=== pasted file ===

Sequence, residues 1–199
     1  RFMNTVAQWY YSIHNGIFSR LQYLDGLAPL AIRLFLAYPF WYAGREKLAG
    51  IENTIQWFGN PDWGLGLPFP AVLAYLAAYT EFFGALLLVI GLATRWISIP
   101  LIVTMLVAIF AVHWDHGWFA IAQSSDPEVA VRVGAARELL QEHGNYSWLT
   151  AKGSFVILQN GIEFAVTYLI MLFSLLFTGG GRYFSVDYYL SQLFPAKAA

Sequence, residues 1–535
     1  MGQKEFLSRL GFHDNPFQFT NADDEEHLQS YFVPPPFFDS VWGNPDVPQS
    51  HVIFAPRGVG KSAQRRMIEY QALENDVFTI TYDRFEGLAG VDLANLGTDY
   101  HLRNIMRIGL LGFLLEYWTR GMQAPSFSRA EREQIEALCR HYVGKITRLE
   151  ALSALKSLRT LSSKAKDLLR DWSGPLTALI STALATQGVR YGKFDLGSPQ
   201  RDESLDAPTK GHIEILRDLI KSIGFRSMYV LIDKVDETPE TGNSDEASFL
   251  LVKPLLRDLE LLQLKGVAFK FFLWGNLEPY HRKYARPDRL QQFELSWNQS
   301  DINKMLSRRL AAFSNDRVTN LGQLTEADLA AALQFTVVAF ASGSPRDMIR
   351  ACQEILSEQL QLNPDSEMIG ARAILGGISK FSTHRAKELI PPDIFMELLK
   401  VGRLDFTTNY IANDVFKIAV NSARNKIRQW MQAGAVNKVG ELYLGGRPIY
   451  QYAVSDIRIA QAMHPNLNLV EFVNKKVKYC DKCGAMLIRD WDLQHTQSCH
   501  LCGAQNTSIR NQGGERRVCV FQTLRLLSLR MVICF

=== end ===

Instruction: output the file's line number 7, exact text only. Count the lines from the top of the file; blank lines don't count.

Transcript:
     1  MGQKEFLSRL GFHDNPFQFT NADDEEHLQS YFVPPPFFDS VWGNPDVPQS